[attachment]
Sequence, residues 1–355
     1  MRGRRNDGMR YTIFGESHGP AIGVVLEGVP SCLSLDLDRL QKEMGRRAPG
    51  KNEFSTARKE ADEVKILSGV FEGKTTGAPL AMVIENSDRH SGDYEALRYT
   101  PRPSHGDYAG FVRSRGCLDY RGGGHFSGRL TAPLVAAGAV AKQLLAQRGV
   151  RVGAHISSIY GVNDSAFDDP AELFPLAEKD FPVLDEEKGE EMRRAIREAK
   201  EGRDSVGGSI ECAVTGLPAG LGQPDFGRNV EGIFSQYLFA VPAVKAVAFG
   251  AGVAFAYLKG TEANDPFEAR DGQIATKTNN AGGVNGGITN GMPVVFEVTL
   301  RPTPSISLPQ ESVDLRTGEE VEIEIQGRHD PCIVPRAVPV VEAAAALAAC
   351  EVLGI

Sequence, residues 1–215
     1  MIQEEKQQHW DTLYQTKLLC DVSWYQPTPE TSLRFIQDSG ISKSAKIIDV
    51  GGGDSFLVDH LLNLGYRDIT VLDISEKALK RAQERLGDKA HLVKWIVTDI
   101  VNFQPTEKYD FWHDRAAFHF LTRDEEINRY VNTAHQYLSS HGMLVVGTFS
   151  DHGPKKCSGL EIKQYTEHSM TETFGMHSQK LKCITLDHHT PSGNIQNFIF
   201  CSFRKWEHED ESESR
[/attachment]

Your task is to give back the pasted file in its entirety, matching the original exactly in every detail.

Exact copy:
Sequence, residues 1–355
     1  MRGRRNDGMR YTIFGESHGP AIGVVLEGVP SCLSLDLDRL QKEMGRRAPG
    51  KNEFSTARKE ADEVKILSGV FEGKTTGAPL AMVIENSDRH SGDYEALRYT
   101  PRPSHGDYAG FVRSRGCLDY RGGGHFSGRL TAPLVAAGAV AKQLLAQRGV
   151  RVGAHISSIY GVNDSAFDDP AELFPLAEKD FPVLDEEKGE EMRRAIREAK
   201  EGRDSVGGSI ECAVTGLPAG LGQPDFGRNV EGIFSQYLFA VPAVKAVAFG
   251  AGVAFAYLKG TEANDPFEAR DGQIATKTNN AGGVNGGITN GMPVVFEVTL
   301  RPTPSISLPQ ESVDLRTGEE VEIEIQGRHD PCIVPRAVPV VEAAAALAAC
   351  EVLGI

Sequence, residues 1–215
     1  MIQEEKQQHW DTLYQTKLLC DVSWYQPTPE TSLRFIQDSG ISKSAKIIDV
    51  GGGDSFLVDH LLNLGYRDIT VLDISEKALK RAQERLGDKA HLVKWIVTDI
   101  VNFQPTEKYD FWHDRAAFHF LTRDEEINRY VNTAHQYLSS HGMLVVGTFS
   151  DHGPKKCSGL EIKQYTEHSM TETFGMHSQK LKCITLDHHT PSGNIQNFIF
   201  CSFRKWEHED ESESR